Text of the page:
Phil Hughes, who was one of the most highly rated and one of most anticipated prospects in the Yankees’ minor league system before being called up in 2007, is now a Minnesota Twin after signing a three-year, $24 million contract with the small market team.
He should see more success with Target Field as his home park and pitching in the American League Central as he had 3.88 ERA in away games last season. His overall ERA was 5.19, and his ERA at Yankee Stadium was 6.32, which is the main reason that the Yankees did not offer him a qualifying offer.
Phil Hughes had a 4.54 ERA in 780.2 innings with the Yankees. That is the third highest ERA in team history among the 88 pitchers to throw at least 500 innings for the Bronx Bombers.
The Minneapolis Star Tribune said that the deal is expected to be announced this week. A physical is now the only thing that is preventing the deal from being official. Another stat that will help Hughes’s transition to Minnesota will be his 1.89 ERA in 71 1/3 innings against the Chicago White Sox and Cleveland Indians, who are in the AL Central.
He showed some potential to be a number two or three starter earlier in his career, which is what the Twins are expecting him to duplicate away from the pressure cooker that surrounds the Bronx. As recently as the 2012 season, Hughes picked up 16 wins and had a decent 4.23 ERA in 191.1 innings. However, his best season as a starter came in 2010, where he was 18-8 as a 24-year-old, and had a 4.19 ERA in 176.1 innings. He was an All-Star that season after pitching much better in the first few months than after the All-Star break.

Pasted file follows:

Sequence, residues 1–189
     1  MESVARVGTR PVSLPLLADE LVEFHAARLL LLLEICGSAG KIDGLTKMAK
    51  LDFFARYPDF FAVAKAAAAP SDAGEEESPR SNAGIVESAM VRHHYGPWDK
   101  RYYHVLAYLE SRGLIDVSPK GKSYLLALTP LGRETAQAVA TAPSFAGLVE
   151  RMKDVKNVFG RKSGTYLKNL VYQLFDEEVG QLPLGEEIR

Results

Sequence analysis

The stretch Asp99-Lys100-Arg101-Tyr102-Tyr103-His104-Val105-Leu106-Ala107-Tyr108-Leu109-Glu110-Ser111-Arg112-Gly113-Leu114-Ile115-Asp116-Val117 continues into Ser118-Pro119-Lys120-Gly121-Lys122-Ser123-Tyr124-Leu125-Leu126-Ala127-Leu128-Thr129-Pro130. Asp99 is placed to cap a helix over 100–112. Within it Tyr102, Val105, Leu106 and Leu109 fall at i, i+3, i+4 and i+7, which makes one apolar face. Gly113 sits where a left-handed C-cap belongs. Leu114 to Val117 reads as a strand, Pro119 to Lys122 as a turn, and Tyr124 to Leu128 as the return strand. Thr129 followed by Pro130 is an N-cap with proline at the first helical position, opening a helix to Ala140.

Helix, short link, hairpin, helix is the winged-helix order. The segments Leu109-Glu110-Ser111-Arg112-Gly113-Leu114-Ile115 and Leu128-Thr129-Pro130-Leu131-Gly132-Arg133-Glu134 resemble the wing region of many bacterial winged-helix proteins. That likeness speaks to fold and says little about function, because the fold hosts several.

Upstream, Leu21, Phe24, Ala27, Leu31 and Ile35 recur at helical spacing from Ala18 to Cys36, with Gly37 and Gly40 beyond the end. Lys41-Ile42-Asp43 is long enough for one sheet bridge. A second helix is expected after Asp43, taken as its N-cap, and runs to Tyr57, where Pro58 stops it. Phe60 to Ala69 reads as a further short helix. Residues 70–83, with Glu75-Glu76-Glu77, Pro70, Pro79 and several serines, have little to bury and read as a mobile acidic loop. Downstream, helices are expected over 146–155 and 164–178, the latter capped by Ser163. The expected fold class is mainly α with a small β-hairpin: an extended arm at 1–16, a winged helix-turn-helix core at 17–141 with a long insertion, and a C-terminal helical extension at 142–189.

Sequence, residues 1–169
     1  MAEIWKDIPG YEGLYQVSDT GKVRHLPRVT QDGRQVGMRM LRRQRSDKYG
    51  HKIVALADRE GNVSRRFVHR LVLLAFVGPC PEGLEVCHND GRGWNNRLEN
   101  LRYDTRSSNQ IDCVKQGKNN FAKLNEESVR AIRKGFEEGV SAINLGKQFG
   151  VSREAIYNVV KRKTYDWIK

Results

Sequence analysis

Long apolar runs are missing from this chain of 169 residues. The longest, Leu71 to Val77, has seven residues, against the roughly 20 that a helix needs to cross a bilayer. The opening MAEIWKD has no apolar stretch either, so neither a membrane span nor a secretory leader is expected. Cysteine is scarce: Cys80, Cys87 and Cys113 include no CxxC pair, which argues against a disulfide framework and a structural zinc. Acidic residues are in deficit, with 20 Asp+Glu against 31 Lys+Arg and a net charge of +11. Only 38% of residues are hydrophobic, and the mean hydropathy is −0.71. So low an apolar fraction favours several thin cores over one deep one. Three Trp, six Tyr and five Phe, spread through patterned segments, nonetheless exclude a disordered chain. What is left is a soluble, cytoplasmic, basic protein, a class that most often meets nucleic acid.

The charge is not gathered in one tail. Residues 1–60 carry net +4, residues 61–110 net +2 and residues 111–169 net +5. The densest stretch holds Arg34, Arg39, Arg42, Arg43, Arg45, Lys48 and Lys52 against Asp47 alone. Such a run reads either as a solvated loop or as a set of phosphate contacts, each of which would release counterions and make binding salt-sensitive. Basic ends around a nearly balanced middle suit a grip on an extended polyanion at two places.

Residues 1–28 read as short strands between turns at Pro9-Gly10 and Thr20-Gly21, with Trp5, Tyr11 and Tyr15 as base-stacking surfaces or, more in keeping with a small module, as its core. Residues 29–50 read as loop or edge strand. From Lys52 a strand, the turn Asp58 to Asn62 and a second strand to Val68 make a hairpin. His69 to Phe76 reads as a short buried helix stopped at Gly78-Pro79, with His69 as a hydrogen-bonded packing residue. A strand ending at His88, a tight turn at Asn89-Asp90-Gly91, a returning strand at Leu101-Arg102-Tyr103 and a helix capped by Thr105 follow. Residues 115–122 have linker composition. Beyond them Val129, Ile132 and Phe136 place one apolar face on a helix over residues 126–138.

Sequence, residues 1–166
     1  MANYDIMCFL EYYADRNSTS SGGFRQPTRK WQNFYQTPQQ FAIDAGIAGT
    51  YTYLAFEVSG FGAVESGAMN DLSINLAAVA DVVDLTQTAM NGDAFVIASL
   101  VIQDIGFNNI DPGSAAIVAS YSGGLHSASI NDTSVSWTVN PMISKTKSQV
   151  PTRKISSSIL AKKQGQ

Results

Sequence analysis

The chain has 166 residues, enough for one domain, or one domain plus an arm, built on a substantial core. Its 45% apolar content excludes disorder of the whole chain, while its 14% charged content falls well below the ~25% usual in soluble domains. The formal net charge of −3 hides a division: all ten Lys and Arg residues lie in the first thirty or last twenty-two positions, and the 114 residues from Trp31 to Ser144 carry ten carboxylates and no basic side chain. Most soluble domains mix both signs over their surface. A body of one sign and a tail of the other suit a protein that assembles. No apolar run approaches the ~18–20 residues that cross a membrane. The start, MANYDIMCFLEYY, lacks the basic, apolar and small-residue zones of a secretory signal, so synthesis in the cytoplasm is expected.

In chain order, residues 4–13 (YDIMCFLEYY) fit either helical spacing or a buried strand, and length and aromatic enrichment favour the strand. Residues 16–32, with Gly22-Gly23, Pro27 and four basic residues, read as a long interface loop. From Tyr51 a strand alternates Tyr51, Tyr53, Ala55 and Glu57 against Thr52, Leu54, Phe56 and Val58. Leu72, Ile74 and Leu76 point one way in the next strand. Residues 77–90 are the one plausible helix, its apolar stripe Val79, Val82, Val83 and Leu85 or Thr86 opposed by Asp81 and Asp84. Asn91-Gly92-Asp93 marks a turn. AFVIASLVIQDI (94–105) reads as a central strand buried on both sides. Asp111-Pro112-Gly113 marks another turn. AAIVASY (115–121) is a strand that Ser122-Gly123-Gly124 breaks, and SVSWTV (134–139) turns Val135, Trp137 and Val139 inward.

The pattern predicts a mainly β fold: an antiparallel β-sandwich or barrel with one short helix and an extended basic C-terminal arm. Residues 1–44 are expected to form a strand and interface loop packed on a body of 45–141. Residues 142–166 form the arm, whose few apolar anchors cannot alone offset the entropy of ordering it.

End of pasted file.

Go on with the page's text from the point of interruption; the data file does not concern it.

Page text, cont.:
It is unfortunate that Hughes did not pitch a little better last season, since he was 4-14 and the Yankees missed the playoffs by 6.5 games. If he would have pitched a little closer to how he did in 2012 they might have made the playoffs or finished a game or two out of the Wild Card. If that would have happened they could have offered the qualifying offer and received a high draft pick in return. He likely would have declined the qualifying offer in this scenario.
Given his 3.88 ERA in away games there is a definite possibility that Hughes could become an All-Star again for the Twins. A.J. Burnett, who was a starter for the Yankees from 2009-2011, had an ERA of 5.15 for the Yankees in 2011, but the next season for the Pittsburgh Pirates he ERA was a very respectable 3.51. Hughes, who is nine years younger than Burnett, could follow a similar path as that of the former post-game pie thrower.
In other Yankees news, Brendan Ryan has been officially brought back to the team as a back-up shortstop. He received a two-year, $5 million contract with a club and player option for a third year. With incentives, this contract could be worth $10 million.
It is surprising that he was not given a one-year deal based on his very limited hitting ability. He only has a .217 average over his last four years. However, he is one of the best defensive shortstops in baseball and can be counted on to prevent runs defensively and be a suitable fill-in for Derek Jeter.
This contract signifies that the Yankees organization does not have much confidence in Eduardo Nunez. He had the opportunity to be the starting shortstop last season, as a result of Derek Jeter’s injury, but he was placed on the disabled list on May 12 because of soreness in his left rib cage. He also was rated highly as a minor leaguer, but has had a history of making too many errors and making plays that prove that he has a sub-par baseball IQ.